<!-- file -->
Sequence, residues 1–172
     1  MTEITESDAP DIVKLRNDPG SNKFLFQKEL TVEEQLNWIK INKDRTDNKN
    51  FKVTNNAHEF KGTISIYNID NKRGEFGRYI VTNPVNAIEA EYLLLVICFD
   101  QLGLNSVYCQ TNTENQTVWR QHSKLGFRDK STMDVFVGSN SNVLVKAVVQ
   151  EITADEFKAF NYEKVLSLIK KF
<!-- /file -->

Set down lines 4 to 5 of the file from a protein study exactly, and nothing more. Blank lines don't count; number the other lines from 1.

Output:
   101  QLGLNSVYCQ TNTENQTVWR QHSKLGFRDK STMDVFVGSN SNVLVKAVVQ
   151  EITADEFKAF NYEKVLSLIK KF